In an unusual privacy claim decided last week, the High Court dismissed the majority of a solicitor's claims against a prostitute for misuse of private information, harassment, breach of confidence and breach of contract.

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Blog

Searching for answers – Google v Gonzalez

16 May 2014

Data protection unusually made headline news yesterday when the Grand Chamber of the European Court of Justice (the ECJ) handed down its landmark judgment on Google Inc. v. Mario Costeja González.[1]

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Blog

Will Prince Charles's musings see the light of day?

07 May 2014

R (Evans) v Attorney General 2014 EWCA 254

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Blog

Has the Weller case created an image right in relation to the facial expressions of children?

Published on 17 April 2014.

The singer Paul Weller, acting on behalf of three of his children, was successful in his privacy action against Associated Newspapers Limited (ANL) in relation to seven unpixellated photographs of the children and their father out shopping on a public street and relaxing in a café in Los Angeles.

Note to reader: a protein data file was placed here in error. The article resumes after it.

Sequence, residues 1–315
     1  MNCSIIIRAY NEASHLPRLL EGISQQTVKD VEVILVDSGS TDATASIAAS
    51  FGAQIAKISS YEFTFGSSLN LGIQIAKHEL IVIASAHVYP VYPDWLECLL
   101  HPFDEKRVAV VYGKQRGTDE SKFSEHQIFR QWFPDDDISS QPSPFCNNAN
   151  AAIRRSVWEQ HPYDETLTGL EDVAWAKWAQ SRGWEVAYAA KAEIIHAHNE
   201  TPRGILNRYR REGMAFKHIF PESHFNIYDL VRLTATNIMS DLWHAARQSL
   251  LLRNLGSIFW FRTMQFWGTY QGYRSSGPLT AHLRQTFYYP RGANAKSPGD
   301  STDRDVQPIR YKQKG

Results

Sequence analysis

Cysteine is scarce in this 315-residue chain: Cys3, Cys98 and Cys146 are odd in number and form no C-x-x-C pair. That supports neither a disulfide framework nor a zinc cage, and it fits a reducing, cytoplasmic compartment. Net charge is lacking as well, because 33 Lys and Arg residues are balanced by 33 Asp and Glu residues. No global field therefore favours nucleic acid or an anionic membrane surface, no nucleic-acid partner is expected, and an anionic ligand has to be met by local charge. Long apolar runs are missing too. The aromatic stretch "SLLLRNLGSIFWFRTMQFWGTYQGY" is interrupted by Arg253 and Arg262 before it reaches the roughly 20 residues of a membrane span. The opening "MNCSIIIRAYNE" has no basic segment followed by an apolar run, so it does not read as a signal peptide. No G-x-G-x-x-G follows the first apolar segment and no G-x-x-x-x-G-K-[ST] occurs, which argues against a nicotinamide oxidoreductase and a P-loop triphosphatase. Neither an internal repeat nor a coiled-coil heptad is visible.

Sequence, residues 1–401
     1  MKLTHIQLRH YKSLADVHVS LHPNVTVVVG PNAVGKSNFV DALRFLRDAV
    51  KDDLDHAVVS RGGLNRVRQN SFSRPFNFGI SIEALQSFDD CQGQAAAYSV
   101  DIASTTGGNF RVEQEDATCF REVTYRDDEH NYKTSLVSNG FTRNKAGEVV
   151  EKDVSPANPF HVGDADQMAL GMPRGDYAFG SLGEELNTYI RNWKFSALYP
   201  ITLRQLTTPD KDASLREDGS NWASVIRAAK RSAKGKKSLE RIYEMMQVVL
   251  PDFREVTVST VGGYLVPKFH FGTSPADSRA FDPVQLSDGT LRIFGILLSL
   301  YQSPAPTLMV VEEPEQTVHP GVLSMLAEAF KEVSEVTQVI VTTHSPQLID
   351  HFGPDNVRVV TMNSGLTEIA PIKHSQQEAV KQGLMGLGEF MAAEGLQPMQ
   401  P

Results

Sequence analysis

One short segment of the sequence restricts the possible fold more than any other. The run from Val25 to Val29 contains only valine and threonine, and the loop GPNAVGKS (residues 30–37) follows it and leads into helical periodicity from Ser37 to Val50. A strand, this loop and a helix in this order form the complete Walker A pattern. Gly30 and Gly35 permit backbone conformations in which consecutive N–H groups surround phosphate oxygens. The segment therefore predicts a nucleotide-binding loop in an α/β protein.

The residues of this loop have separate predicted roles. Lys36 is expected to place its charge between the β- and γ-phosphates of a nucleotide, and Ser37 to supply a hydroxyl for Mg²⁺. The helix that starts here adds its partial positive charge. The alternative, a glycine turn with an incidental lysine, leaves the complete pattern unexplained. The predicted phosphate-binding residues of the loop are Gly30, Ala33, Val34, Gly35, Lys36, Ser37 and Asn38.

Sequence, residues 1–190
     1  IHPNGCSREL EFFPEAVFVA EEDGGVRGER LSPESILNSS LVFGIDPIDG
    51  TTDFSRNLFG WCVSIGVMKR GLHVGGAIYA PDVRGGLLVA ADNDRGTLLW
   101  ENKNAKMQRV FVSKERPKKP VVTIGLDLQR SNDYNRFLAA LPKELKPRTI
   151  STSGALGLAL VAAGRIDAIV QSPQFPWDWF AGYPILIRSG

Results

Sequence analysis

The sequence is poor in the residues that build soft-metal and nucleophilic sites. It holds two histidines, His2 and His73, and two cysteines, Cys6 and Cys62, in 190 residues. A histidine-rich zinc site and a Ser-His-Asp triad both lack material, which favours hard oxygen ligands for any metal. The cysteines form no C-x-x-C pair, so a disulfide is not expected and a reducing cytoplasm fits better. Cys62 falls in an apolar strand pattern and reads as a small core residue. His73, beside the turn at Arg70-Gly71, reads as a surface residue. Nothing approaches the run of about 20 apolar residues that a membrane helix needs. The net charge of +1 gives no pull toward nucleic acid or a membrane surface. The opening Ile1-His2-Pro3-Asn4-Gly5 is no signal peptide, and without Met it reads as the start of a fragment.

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Blog

ICO urges app developers to respect users' privacy

Published on 11 April 2014. By Mark Crichard, Partner

Gray tint 3

The Information Commissioner's Office (ICO) has published guidance[1] aimed at helping mobile app developers comply with the Data Protection Act 1998 (DPA) and ensure that the privacy of app users is protected.

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Blog

Last gasp of the super-injunction

21 October 2013

Super-injunctions are almost an extinct species. 'Non-super' privacy injunctions however remain alive and kicking with according to recent figures a 100% success rate on interim applications.

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Blog

Costs protection reform - privacy and defamation cases

19 September 2013